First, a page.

Notwithstanding the challenges that economic operators will likely face in terms of infrastructural investments required to deploy reuse systems, the proposed Regulation already scales up the ambition of all mentioned reuse targets, in some cases triplicating them, from 2040.
At EUROPEN, we support the introduction of reuse and refill targets where it makes environmental and ecological sense and call on EU institutions to carefully assess the proposed targets, particularly for 2040, against hygiene, food health and safety requirements as well as investments in sales and distribution, take-back and sanitisation infrastructure.
Minimum recycled content in plastic packaging
According to the Commission proposal, from 1 January 2030 each unit of packaging that contains a plastic part would be required to include a certain percentage of post-consumer recyclates (PCR) to be allowed on the Union market. From contact sensitive packaging made from PET or other polymers to single-use beverage bottles and other packaging containing plastic, the targets are as high as 30%, 10%, 30% and 35%, respectively. Even higher percentages (50%, 65% and 65%) are foreseen for contact sensitive plastic packaging, single use-plastic beverage bottle and other plastic packaging from 2040. The Commission also intends to incentivise the uptake of recycled content by modulating EPR fees based on the percentage of PCR used in plastic packaging.
Recycled content targets in single-use plastic beverage bottles sound familiar? That is because the Commission had already introduced those with the adoption of the 2019 Single-Use Plastics Directive (SUPD). But do not worry, if agreed by the co-legislators, the SUPD will likely be amended with the adoption of the PPWR to ensure full alignment of targets. The transposition of the SUPD in the coming years, particularly the adoption of implementing acts laying down rules for the calculation and verification of the SUPD recycled content targets, will nevertheless play a key role in clarifying whether a mass balance approach will be considered to calculate the content of recycled plastic used in plastic packaging. Something that industry is impatiently awaiting to know to unlock investments in different recycling technologies which will be needed to uptake recycled content in contact sensitive plastic packaging applications while complying with strict health and safety requirements.
The text includes some proposed exemptions, which would apply to immediate packaging of medicinal products, contact sensitive plastic packaging of medical devices and of in vitro diagnostics medical devices, as well as outer packaging of medical devices. Any other possible exemptions would be assessed by the Commission by 1 January 2028. The lack of availability of recycled plastics or their excessive prices could also require an adjustment of the targets by the Commission.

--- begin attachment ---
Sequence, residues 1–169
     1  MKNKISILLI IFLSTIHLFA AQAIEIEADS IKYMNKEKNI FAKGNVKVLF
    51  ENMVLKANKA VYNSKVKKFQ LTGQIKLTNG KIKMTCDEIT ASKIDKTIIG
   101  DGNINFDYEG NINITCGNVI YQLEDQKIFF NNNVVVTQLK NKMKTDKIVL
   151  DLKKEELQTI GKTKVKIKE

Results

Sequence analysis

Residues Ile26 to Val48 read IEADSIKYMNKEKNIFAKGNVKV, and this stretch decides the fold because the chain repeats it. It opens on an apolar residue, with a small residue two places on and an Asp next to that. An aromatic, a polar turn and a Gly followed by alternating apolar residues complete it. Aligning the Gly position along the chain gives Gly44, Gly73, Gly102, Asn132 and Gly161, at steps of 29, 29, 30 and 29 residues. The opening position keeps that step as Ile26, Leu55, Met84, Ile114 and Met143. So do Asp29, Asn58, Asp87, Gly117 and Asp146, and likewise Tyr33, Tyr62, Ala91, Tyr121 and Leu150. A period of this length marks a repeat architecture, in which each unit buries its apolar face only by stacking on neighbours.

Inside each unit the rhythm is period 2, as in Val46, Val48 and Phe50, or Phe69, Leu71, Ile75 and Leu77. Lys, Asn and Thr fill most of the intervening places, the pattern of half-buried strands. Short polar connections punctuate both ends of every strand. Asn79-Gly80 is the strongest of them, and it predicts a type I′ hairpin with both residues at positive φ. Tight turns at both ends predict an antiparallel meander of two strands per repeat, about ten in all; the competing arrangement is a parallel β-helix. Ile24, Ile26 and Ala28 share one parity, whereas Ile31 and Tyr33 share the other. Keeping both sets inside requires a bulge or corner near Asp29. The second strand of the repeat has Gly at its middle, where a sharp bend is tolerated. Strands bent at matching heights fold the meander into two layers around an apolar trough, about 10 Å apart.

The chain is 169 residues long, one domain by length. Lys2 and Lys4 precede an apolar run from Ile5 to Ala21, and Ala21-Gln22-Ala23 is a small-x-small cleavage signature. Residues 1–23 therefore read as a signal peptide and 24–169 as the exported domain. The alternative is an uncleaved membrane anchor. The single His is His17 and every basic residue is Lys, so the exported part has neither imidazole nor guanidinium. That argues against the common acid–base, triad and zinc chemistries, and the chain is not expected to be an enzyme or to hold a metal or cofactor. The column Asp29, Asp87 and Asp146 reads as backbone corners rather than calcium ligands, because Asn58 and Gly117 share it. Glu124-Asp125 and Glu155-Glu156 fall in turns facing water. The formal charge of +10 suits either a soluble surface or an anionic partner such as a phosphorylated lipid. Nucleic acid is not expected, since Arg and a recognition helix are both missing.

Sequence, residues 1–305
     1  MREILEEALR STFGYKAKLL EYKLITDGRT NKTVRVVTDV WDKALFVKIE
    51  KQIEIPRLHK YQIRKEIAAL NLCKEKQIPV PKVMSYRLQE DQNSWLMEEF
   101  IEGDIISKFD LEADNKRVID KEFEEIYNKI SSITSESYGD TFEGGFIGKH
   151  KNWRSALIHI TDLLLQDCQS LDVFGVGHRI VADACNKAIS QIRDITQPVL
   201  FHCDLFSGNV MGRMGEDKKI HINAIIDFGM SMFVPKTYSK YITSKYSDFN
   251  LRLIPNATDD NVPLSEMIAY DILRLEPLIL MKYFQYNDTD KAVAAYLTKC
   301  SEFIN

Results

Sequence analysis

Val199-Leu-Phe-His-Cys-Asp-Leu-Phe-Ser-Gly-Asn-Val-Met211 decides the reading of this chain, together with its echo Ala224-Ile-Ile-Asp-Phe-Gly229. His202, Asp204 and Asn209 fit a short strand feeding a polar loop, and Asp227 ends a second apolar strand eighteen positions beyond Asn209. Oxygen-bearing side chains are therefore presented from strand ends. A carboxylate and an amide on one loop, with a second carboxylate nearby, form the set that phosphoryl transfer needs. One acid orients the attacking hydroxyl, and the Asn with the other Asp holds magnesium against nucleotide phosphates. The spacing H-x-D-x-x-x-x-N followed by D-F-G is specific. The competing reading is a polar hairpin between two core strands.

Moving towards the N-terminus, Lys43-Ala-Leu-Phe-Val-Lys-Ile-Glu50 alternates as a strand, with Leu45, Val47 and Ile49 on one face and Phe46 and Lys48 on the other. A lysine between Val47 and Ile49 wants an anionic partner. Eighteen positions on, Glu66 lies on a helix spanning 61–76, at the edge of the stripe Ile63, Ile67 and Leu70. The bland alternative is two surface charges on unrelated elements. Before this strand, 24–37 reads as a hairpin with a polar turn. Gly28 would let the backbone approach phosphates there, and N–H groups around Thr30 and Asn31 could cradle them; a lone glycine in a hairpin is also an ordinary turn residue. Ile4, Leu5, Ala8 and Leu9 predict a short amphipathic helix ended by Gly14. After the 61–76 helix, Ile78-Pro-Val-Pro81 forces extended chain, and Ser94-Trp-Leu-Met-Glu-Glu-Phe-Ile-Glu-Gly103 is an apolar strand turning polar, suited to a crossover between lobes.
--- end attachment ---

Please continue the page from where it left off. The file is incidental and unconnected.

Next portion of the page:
Finally, by 8 years after the entry into force of the Regulation, the Commission would examine the use of recycled materials in packaging other than plastics, and on this basis assess the possibility of establishing measures or targets to increase the use of recycled content in those other packaging types.
Two years from the entry into force of the Regulation, tea or coffee bags, coffee or tea system single-serve unit necessary to contain a coffee or tea, very lightweight plastic carrier bags and the sticky labels attached to fruits and vegetables would have to be compostable. The Commission also retains the power to expand the list of applications for which the use of compostable packaging could be made mandatory.
Labelling of packaging
Hopefully putting an end to the proliferation of national labelling requirements that have challenged the free movement of packaged goods across the Union market, the Commission’s proposal puts forward the requirement to establish EU-wide mandatory sorting instructions for consumers, which will have to be affixed both on pack and on bins.
Additional measures are proposed: specifications for the labelling of recycled content in plastic packaging, and a mandatory label for all reusable packaging to enable consumers to clearly distinguish them from single-use packaging. For the latter, the text suggests a QR code or other type of digital data carrier could be used to provide information to consumers on the packaging reusability, such as the availability of a system for reuse and of collection points.
Next steps. The Commission proposal now moves to the EU Parliament and Council where the text will be discussed as part of the co-decision process.
Unwrapping the package. Beyond the PPWR, the unveiled package also includes the Commission Communication on a EU policy framework on bio-based, biodegradable and compostable plastics.
Stay tuned to learn more about this initiative!